Sentiment analysis offers numerous applications across industries. It helps businesses analyze customer feedback and reviews, monitor brand reputation, conduct market research, and perform social media analytics. Additionally, sentiment analysis assists in understanding public opinion and improving customer support systems. By leveraging Python’s capabilities, businesses can gain valuable insights from textual data, make informed decisions, and enhance customer satisfaction and brand perception.

Sentiment Analysis Python: Code

You can find the complete code with Dataset on GitHub.

1: Importing Modules and Reading the Dataset

import pandas as pd
import numpy as np
import datetime as dt
import matplotlib.pyplot as plt
from wordcloud import WordCloud
import seaborn as sns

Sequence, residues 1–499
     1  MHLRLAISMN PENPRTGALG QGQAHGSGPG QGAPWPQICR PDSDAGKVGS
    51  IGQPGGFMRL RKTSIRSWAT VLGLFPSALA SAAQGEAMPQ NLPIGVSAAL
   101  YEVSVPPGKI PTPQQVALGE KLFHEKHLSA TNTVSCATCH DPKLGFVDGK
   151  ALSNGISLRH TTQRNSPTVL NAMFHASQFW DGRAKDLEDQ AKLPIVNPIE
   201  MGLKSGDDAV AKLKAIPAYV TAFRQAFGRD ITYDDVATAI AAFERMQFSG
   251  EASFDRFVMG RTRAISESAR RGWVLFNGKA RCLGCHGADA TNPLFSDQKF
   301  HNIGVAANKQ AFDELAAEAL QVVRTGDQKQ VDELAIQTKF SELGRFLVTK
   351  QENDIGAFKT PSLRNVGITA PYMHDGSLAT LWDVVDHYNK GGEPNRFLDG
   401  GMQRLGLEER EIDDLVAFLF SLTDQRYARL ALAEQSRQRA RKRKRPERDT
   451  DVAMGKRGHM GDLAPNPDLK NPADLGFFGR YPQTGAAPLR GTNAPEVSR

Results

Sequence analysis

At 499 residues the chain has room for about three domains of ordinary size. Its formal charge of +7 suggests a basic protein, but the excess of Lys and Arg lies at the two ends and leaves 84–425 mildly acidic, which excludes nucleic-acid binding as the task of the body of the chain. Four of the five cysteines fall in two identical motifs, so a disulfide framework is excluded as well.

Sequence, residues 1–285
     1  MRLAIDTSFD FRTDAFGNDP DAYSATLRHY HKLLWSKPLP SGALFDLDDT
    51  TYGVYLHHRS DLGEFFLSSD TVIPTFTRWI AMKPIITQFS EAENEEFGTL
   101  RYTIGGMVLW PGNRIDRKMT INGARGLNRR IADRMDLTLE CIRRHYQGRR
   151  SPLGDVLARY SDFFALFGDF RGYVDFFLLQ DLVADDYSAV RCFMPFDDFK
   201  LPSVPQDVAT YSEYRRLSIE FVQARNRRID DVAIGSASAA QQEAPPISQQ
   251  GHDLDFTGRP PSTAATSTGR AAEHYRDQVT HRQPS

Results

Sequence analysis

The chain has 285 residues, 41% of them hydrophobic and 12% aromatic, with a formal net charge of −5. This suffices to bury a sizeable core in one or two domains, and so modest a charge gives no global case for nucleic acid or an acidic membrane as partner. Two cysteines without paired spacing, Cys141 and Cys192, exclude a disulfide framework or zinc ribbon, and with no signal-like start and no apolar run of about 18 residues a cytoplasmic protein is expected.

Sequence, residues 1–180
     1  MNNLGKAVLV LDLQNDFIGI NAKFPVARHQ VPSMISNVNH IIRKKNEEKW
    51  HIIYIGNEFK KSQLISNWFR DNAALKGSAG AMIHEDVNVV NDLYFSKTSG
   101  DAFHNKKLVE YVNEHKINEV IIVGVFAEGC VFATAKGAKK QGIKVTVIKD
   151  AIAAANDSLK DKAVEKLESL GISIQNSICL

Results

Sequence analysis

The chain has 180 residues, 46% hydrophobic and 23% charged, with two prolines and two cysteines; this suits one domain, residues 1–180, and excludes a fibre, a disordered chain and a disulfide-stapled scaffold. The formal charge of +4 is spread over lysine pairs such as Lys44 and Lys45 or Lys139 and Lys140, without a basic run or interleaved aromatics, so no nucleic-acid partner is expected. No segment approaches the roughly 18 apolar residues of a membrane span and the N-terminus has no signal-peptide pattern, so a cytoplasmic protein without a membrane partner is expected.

from sklearn.feature_extraction.text import CountVectorizer
from sklearn.model_selection import train_test_split
from sklearn.linear_model import LogisticRegression
from sklearn.naive_bayes import MultinomialNB
from sklearn.metrics import roc_curve, auc
from sklearn.neural_network import MLPClassifier
from sklearn.svm import SVC
from sklearn.metrics import confusion_matrix
import sklearn.metrics as mt
from plotly import tools
import plotly.offline as py
py.init_notebook_mode(connected=True)
import plotly.graph_objs as go
%matplotlib inline
import warnings
warnings.filterwarnings('ignore')
 
df1 = pd.read_csv('../input/Womens Clothing E-Commerce Reviews.csv')
df = df1[['Review Text','Rating','Class Name','Age']]
#df1.info()
#df1.describe()
df1.head()

2: Adding the Word Counts to the data frame and Finding out How Many Times Some Words Were Used

# fill NA values by space
df['Review Text'] = df['Review Text'].fillna('')

# CountVectorizer() converts a collection 
# of text documents to a matrix of token counts
vectorizer = CountVectorizer()
# assign a shorter name for the analyze
# which tokenizes the string
analyzer = vectorizer.build_analyzer()

def wordcounts(s):
    c = {}
    # tokenize the string and continue, if it is not empty
    if analyzer(s):
        d = {}
        # find counts of the vocabularies and transform to array